The three primary goals are

Role of Community Educators

The staff structure is envisaged as follows. There will be 4 Community Educators at the field level, each covering 25 brick kilns (approximately 500 children). One of the community educators would additionally serve as team leader to coordinate their efforts. In addition to data collection,  family visits and community meetings, intervention would involve working with the stakeholders (eg: Peer Educators, Employers, middlemen, Schools, Non Government organization networks, SSA and ICDS schemes) at three levels. 

  1. Destination District (Jan - July) 
  2. Source Districts (Aug - Nov)
  3. State Level (Full Year). - eg: Transfer Certificates so that there is a continuity in courses between source and destination areas, summer camps for the school vacation months. 

Role of Peer Educators

Each kiln community usually has workers who are motivated and carry certain amount of influence. Two such Peer Educators will be identified in each kiln and trained about the schemes. The Peer Educators will encourage parents to enroll their children and take the responsibility of continuing to send them to school. The Peer Educators will also lobby with their employers to arrange school transportation for the children.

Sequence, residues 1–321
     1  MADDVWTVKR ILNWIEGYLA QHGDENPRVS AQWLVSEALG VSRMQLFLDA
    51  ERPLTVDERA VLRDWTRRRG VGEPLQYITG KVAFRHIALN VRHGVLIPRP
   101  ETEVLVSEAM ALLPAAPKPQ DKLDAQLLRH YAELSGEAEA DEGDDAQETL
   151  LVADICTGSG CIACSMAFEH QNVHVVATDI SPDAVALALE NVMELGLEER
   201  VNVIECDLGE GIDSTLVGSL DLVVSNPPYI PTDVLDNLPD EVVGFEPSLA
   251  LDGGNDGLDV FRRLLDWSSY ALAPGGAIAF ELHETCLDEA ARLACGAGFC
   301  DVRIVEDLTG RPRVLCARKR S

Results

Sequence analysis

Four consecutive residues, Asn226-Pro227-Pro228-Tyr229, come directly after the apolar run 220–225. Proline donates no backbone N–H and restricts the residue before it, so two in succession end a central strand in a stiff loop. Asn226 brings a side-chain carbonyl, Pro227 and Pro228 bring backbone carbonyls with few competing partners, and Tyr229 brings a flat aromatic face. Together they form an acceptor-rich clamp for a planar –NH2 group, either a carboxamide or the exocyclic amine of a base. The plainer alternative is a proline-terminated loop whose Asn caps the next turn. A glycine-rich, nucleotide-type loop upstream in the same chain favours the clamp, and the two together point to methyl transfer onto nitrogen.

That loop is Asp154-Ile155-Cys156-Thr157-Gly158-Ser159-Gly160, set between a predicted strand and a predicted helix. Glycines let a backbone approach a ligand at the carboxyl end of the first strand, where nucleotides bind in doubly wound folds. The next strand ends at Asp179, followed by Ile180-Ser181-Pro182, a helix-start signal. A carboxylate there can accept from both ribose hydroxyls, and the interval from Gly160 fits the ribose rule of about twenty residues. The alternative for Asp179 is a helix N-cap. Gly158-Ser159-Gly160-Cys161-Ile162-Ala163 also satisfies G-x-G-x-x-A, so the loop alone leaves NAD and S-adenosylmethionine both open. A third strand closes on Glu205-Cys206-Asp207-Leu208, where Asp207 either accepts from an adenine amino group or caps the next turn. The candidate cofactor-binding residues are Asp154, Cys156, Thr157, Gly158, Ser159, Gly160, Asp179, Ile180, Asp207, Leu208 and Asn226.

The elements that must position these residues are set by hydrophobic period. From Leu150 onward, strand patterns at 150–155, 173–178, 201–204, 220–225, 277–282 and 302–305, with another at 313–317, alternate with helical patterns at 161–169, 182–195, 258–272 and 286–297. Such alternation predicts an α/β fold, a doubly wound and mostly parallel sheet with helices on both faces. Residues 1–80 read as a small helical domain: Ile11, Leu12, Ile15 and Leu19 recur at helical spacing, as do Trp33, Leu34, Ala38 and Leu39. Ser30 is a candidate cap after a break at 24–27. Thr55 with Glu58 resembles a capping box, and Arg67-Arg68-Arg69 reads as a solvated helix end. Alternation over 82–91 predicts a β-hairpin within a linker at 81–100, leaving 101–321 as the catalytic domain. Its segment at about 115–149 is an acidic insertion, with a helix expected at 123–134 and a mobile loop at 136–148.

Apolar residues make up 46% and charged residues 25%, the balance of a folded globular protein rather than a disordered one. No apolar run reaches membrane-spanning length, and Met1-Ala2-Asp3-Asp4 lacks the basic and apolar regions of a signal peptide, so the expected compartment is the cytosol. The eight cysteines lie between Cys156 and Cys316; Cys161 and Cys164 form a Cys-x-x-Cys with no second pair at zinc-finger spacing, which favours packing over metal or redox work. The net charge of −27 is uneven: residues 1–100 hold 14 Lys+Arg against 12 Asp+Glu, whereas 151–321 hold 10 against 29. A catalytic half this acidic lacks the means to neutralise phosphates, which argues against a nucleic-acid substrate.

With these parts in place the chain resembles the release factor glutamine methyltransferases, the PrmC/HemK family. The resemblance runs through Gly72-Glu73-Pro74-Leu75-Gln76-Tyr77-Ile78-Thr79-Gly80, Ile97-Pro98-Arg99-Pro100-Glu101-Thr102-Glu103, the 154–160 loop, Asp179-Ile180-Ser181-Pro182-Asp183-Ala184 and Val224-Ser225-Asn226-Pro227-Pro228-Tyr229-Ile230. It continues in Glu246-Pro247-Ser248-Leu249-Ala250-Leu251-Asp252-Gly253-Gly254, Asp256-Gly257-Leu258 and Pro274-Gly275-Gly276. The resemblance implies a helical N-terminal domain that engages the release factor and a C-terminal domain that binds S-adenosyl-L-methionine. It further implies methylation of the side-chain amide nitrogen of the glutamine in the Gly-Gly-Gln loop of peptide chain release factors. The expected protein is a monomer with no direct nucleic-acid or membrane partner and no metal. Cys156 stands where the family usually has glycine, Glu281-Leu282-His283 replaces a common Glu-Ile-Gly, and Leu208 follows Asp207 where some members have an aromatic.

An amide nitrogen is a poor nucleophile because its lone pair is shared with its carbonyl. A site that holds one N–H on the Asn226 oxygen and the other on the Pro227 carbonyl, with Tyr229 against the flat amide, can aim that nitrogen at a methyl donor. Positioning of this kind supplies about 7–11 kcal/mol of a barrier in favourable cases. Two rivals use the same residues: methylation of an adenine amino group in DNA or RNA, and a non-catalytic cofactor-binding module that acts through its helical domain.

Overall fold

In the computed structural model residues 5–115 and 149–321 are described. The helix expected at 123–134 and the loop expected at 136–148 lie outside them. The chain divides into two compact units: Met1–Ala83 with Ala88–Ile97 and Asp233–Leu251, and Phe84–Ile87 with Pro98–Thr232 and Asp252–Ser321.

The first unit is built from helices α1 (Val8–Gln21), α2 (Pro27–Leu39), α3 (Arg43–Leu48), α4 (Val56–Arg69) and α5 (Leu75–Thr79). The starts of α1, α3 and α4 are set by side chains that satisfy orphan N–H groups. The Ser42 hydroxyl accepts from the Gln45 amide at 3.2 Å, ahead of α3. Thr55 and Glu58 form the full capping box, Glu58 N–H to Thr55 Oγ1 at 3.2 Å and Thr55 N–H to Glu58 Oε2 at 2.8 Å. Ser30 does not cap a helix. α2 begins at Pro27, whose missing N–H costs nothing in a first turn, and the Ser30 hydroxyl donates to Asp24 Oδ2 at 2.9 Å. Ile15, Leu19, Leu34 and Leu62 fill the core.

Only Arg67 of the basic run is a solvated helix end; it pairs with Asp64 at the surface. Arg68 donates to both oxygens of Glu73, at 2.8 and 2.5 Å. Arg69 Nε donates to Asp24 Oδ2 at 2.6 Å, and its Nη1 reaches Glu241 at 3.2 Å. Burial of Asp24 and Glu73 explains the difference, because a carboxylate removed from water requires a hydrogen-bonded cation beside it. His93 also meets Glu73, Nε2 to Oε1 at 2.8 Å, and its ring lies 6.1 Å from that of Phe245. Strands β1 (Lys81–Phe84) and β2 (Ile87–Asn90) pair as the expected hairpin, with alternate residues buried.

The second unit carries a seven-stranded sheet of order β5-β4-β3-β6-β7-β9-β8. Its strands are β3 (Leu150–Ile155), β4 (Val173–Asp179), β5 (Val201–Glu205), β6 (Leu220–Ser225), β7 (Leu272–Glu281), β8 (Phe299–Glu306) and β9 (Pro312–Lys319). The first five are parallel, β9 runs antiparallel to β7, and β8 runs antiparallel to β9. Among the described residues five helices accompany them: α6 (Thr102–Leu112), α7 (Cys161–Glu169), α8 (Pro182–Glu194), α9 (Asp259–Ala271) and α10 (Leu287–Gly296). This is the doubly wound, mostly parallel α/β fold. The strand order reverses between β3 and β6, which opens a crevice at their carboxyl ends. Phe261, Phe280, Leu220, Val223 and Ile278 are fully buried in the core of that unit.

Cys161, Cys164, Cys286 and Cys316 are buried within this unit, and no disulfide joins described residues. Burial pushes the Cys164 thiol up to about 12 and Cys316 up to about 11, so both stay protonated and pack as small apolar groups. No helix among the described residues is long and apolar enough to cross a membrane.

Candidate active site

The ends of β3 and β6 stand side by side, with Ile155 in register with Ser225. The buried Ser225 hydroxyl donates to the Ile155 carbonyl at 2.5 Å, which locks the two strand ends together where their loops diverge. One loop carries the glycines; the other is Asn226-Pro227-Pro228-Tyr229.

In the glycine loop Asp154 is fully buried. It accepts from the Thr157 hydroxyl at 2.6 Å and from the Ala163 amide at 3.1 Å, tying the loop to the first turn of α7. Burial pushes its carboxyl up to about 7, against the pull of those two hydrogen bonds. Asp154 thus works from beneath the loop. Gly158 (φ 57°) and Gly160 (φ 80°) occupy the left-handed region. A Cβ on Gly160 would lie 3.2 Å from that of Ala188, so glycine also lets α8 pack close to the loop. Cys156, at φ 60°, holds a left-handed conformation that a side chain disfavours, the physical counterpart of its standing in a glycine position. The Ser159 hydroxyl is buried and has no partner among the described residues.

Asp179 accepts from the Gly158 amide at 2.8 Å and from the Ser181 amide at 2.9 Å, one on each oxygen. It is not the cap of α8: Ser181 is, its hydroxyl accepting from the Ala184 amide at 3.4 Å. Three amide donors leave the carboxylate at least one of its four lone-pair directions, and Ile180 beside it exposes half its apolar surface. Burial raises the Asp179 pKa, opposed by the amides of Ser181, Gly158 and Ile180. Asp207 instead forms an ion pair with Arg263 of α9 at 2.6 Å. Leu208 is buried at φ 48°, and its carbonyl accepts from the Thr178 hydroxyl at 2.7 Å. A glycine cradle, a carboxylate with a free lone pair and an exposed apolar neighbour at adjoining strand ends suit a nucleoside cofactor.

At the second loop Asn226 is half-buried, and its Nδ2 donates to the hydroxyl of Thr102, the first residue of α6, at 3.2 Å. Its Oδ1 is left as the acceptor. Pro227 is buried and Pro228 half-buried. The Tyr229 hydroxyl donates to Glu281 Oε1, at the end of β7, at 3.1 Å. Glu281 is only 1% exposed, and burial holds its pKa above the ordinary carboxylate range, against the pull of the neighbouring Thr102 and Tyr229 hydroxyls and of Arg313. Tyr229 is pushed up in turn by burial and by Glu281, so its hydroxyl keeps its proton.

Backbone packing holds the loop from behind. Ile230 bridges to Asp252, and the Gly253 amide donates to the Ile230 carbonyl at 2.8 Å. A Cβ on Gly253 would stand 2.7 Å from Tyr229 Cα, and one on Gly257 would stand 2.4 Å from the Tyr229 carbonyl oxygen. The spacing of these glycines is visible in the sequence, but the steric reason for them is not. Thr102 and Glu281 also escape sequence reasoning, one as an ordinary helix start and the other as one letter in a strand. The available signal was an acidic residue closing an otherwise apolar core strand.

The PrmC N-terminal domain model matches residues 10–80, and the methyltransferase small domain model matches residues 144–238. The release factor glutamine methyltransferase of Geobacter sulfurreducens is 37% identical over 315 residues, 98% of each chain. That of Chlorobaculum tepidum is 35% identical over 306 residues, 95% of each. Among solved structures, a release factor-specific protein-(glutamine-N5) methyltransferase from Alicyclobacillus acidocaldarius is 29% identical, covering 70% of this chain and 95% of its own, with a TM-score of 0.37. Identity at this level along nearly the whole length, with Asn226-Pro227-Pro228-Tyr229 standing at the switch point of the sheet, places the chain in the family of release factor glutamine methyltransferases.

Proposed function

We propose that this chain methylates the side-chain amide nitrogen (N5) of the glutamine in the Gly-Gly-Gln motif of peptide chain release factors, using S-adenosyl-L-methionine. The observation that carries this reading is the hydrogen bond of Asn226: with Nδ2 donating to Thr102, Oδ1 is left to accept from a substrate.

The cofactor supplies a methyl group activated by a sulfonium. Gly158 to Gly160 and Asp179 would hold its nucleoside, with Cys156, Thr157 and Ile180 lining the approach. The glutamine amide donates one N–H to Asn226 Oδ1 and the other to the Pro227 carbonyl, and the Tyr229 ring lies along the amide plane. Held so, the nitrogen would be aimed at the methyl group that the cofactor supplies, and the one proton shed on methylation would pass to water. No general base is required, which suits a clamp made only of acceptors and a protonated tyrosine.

A Successful Model - Thiruvallur Block 

With the help of ILP funding,  IRCDS undertook a similar project in 2012 in the Tiruvallur Block (of Tiruvallur District)  covering 51 kilns and  1186 children.  Workshops by peer educators helped reduce pre-employment advances by middlemen and hence the need for child labor. Many parents left their children behind in their native places so to ensure continuity in education. Increased media attention helped focus public attention on the issues. The SSA and ICDS projects issued circulars for enrollment and transportation.  For the 2012-13 academic year, enrollment increased from 15% to 55% (from 52 to 242 children) in the anganwadis, and from  31% to 80% (from 124 to 354 children) in schools. Impressed by the impact, the Tiruvallur district administration ensured enrollment of 4140 children in schools from 293 brick kilns across the district. In light of the success in that district, the Tamilnadu State Government passed an order for statewide implementation. There are over 3000 brick kiln in Tamilnadu State. In effect, the IRCDS project efforts did help influence governmental changes on a statewide scale in all areas where there were migrant workers.